It was during the period between the Rodney King beating and subsequent court verdict that Ice Cube cut Death Certificate, a chilling glimpse into the anger and frustration South Central Los Angelinos were feeling.
The brilliant London trio Benin City return with the hard-hitting new track "Hostiles" that articulates what it means to be Black in the 21st century.
Run the Jewels have always had a taste for action-movie hyperbole, but as they've powered through their careers, the lines between slapstick and real have almost ceased to exist.
In Bring That Beat Back, critic Nate Patrin argues that hip-hop is essentially a forward-looking evolution of black American music with a deep reverence for its predecessors.
On "Silver Lining", Kev Choice is joined by a collective of Bay Area rappers to reflect on positive efforts in the midst of the COVID-19 pandemic.
Hip-hop makes its debut on the Big List with Public Enemy’s meaty, beaty manifesto, and all the jealous punks can’t stop the dunk. Counterbalance’s Klinger and Mendelsohn give it a listen.
Ocean Bridges is proof that genre crossovers can sound organic, and that the term "crossover" doesn't have to come loaded with gimmicky connotations. Maybe we're headed for a world in which genres are so fluid that the term is dropped altogether from the cultural lexicon.
Following The OOZ and its accolades, King Krule crafts a similarly hazy gem with Man Alive! that digs into his distinct aesthetic rather than forges new ground.
Stezo died in his sleep on 29 April at age 51, leaving behind a legacy begging to be properly commemorated. His 1989 album Crazy Noise has been buried in the annals of hip-hop history, an underappreciated dollar-bin find that serves both as a time capsule for hip-hop's late 1980s golden era and a lesson in keeping it real.
Chicago-based Kill Audrey make hazy, chaotic hip-hop/party music for people who buy tall boys with their rent money. Watch the video for their new single, "Hometeam".
2020 and it's finally time to acknowledge Nicki Minaj's right to G.O.A.T. status, as the best female rapper AND the best rapper of the past ten years — no gender preposition required.
The first ever hip-hop/metal crossover from Translation Loss is an exciting joint venture that seamlessly melds two seemingly disparate genres.
British producer SOULS and R&B/hip-hop artist RoRo team up for the hip-hoppy electrosoul of "Glory".
Run the Jewels' "Ooh LA LA" may hit with old-school hip-hop swagger, but it also frustratingly affirms misogynistic bro-culture.
As society contends with sickness, anger, and fear, Donald Glover remedies the malignancy while fueling the anguish. 3.15.20 signals an important shift for Childish Gambino and secures the album's spot as one of the best of the year.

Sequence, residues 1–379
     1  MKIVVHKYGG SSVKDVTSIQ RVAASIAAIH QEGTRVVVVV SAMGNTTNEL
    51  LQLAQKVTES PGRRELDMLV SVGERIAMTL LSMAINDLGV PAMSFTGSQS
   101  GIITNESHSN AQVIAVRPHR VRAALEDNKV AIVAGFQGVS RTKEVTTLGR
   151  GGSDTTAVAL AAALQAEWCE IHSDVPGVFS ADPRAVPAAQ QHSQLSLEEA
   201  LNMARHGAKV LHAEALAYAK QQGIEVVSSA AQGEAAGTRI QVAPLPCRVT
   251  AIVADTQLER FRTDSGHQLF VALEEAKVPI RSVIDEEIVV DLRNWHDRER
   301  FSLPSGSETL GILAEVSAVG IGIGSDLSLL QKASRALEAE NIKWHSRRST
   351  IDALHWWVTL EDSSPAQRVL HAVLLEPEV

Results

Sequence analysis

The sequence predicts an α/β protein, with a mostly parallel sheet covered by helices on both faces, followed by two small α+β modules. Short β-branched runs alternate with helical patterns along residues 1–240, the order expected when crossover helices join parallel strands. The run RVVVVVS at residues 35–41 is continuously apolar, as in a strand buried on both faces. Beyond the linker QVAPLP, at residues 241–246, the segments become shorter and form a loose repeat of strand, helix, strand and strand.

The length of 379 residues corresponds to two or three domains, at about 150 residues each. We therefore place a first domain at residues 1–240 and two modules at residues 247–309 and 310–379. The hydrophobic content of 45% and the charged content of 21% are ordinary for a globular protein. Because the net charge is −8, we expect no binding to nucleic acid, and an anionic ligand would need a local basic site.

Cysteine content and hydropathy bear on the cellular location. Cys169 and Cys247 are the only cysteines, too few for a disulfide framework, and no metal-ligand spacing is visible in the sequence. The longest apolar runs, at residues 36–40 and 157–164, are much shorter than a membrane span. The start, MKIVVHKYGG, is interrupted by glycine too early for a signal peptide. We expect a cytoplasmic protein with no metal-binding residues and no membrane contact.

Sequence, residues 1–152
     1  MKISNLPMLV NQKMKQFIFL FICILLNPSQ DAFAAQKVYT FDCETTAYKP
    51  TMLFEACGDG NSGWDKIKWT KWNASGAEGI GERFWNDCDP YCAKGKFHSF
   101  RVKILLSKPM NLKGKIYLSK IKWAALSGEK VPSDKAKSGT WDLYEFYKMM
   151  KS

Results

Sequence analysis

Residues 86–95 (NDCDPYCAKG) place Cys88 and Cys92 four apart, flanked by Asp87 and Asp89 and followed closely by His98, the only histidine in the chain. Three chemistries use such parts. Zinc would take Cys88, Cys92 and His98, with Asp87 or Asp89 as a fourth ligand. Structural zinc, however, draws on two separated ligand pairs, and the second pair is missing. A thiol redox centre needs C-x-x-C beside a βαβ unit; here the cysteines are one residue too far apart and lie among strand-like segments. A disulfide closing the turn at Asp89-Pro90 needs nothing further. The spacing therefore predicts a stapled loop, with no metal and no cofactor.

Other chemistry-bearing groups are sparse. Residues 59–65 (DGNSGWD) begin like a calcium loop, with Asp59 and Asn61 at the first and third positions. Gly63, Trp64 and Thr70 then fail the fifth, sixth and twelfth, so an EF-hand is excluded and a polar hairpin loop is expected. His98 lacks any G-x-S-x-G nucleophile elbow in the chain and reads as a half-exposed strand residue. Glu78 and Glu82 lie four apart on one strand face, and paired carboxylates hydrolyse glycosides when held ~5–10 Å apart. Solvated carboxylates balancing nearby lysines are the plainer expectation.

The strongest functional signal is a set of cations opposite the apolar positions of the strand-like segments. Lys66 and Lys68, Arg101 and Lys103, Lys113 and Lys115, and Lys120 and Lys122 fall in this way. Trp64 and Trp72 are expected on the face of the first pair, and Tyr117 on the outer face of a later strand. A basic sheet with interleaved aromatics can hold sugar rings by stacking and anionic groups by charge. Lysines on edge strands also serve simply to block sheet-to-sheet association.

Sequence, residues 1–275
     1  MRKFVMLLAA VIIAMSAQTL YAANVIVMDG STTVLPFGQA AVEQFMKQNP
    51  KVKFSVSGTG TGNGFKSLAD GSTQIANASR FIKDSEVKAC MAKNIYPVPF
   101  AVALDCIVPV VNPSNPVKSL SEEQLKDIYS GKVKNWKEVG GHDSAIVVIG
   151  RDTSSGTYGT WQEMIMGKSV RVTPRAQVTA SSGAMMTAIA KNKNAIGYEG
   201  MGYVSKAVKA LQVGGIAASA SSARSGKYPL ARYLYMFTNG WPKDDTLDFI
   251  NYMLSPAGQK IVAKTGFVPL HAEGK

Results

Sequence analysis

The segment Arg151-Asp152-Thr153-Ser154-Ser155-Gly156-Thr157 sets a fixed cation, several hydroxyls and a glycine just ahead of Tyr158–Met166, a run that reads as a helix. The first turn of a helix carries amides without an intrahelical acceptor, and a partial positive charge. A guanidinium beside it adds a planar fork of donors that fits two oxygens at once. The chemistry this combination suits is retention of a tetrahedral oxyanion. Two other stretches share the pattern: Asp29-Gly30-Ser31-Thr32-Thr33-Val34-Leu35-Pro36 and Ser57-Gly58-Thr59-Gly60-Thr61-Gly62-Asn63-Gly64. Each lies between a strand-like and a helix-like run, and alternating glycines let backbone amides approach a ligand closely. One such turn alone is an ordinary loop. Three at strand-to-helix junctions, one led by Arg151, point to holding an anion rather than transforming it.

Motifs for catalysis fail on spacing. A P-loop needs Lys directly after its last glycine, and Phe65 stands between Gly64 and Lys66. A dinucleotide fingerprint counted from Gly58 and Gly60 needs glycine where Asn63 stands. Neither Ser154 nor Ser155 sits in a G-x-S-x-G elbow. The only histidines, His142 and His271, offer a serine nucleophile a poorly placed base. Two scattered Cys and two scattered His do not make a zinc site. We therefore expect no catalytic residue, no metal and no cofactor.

London-based Afrofuturist band, ONIPA frame discussions of humanity within a pan-African sonic context on their brilliant debut, We No Be Machine.
On Aloha, Son Little ponders the ambivalence of life and love, and decides he could be right. Or he could be wrong. Either way, the music is soulful and comforting.
Son Little finds commonalities across jazz, hip-hop, soul, R&B, and rock. His latest album grew out of a setback, but he created a stronger, simpler, more ruminative set of songs. Here he talks about creativity and obstacles and how they work together.
José James has a rich, velvety voice that simmers and smolders. He takes it easy in a seductive way. The vibe is romantic and sexy on No Beginning No End 2.
For Black History Month 2020, we are showcasing films and videos featuring Black American artists. Enjoy them and learn about the origin of each Black music legend featured.
Exploring topics like poverty, Black consciousness, burgeoning love, and mortality, Jahshua Smith's latest album, They Don't Love You Like That, encapsulates some of the most difficult moments in his life.
Joining forces with Oddisee and Zenyth on "Trouble", New Zealand hip-hopper Raiza Biza asks, "Who is going to save humanity from itself?"
UK rap phenom Stormzy has a lot to say on his sophomore album. From career milestones to addressing grime beefs, to expressing the precarious position he finds himself in as a spokesperson for a generation of black British youth, Stormzy makes his case for king.
Versatile drummer Terri Lyne Carrington leads a date that sums up the jazz of the decade, from hip-hop influenced political songs to freely improvised instrumental music supplemented by orchestral composition.
Following Stormzy's run up the charts, 2019 proved to be a banner year for British hip-hop with a trio of masterpieces. America's myriad hip-hop scenes delivered the goods, and African rap gave us many stellar releases.
Kathy Iandoli's personable history, God Save the Queens, shows how women in rap face up to the battles.
How death, legal battles, and scavengers couldn't stop the legacy of Gang Starr, one of the most important pillars of hip-hop.
London Singer and Producer, MEI Fights Back Against Invisibility on "DIM: Don't Ignore Me" (premiere)
South London's MEI shares her brilliant new single for "DIM: Don't Ignore Me", which showcases her intriguing blend of electronic, hip-hop, and soul. MEI is truly an artist to watch.
Brooke Candy's Sexorcism suggests a genuine, Freudian fixation on extreme pleasure and how it can be downright terrifying -- the shame and fear, the abjection and filth, the unpredictable transfers of power.
By abstracting the sounds and ideas of his earlier work, electronic/hip-hop producer Daedelus has created one of his most challenging works to date with The Bittereinders.